Why Skills Training Is The Need Of The Hour?

Educational institutions and the industry must join hands with the support of the Government to create a holistic eco-system where skills can be developed, nurtured and honed.

The other day, while reading an article on the challenges of addressing skills gap in the IT industry, a line about how 'technologies are as good as their human operators' stood out to me. We think, talk and write about a lot of technologies, but it is crucial to also keep our focus on the driving force behind it all - i.e. people.

The World Economic Forum (WEF) estimates that on average, 42% of the skills demand for jobs across all industries will continue to change between 2018 and 2022. The WEF says that the private sector is a leading stakeholder in managing this transformation via collective action on future-oriented skills development.

Recent research shows that a large percentage of employees in India believe that their college education alone does not equip them with skills to make them effective at work and that they rely on their employers to provide them with ‘a culture of learning’, to stay relevant in this ever-changing landscape. COVID-19 pandemic also dictates that large-scale workforce skills be built more urgently than ever before as addressing the skill-gap issue has a direct impact on economic recovery across the world.

With automation, replacing human intervention, most skills taught at present could be transitory. To keep up with the pace of change, a dynamic curriculum is needed for the digital future. Despite many job roles requiring digital competencies, only a fraction of the current workforce is digitally native. For instance, AI 2.0 is going to stay and therefore young students and professionals should treat this an opportunity to grow and not be worried by some perceived threats.

Job markets of the future will require unique human qualities such as social intelligence, systematic thinking, imagination, innovation, creativity and improvisation to solve unexpected problems. Concurrently, the accelerated growth of innovative technologies such as Cloud Computing, Data Science, Internet of Things (IoT) and Mobile App Development, amongst others, requires professionals to have a very specific skillset. The current market scenario in India mandates that the youth keep themselves updated about future trends of employment and understand if a more specialized, skill-intensive, technology-based career would help them stay relevant.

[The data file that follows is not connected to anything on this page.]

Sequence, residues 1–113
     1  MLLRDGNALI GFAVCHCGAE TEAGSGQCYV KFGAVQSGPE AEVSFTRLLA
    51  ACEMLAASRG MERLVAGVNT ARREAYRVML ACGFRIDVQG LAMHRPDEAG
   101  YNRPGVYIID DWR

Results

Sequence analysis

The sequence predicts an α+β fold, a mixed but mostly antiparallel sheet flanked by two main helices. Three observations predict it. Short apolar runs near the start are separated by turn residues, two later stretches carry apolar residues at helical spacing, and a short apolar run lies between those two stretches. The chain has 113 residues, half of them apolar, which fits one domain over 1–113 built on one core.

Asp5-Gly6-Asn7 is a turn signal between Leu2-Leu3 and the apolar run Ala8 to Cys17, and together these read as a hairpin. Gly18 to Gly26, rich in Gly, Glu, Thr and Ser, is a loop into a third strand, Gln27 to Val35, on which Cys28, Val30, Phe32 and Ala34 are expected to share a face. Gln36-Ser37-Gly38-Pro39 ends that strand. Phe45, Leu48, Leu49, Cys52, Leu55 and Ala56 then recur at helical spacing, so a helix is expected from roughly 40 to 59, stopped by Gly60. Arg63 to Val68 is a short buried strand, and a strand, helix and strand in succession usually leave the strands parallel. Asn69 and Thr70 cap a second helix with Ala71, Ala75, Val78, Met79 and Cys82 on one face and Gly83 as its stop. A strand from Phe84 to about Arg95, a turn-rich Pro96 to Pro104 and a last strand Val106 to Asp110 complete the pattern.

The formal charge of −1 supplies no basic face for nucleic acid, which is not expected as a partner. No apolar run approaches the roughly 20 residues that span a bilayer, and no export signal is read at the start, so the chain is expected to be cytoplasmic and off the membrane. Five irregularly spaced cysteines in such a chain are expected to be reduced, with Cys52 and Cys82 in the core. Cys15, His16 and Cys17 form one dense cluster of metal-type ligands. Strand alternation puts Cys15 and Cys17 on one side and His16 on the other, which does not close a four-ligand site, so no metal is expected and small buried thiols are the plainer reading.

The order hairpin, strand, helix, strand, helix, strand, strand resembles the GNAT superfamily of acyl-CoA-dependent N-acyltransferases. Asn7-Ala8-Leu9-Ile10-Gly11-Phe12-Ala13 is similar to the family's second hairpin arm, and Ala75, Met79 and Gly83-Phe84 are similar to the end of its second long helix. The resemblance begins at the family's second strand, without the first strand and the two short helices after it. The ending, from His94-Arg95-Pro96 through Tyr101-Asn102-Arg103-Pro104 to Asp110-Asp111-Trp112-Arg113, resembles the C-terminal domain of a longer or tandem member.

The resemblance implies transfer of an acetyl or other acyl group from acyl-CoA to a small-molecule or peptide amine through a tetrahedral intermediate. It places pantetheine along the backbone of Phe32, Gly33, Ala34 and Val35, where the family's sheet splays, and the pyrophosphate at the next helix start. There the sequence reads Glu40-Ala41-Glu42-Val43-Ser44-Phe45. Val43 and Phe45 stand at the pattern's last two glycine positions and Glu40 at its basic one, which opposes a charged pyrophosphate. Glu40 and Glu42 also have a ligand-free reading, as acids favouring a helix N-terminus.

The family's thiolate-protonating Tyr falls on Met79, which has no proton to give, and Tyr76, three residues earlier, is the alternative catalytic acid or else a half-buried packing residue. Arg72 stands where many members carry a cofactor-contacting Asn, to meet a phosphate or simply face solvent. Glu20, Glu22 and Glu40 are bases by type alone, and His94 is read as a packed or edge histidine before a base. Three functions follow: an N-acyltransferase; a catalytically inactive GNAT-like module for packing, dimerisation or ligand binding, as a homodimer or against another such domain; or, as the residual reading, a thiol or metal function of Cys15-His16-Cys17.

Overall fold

‘It takes a village to raise a child’ is an African proverb that means an entire community of people must interact with children for them to experience and grow in a safe and healthy environment. We all have a collective responsibility to raise our children, keep our organizations healthy and bridge the skills-gap together.

Educational institutions and the industry must join hands with the support of the Government to create a holistic eco-system where skills can be developed, nurtured and honed.

Students must be exposed to Science, Technology, Engineering and Mathematics (STEM) early on to develop the critical-thinking and problem-solving skills they will need for the digital future. Some technology firms offer ‘Early Career’ programs for students who have passed Class 12, that helps them navigate a career in IT, while staying financially independent. Such programs offer students the opportunity to upskill themselves at work while gaining a degree from an accredited university. We acknowledge that everything cannot be learned in school and therefore, a strategy for skills development must be built within our industries and organizations. This is where corporations need to develop internal training programs or appoint external agencies to give employees the skills, they need to stay relevant.

People often say that the key to success is to be ‘in the right place at the right time’. It is even more important to show up ‘in the right place at the right time with the right skills.

Disclaimer: The views expressed in the article above are those of the authors' and do not necessarily represent or reflect the views of this publishing house

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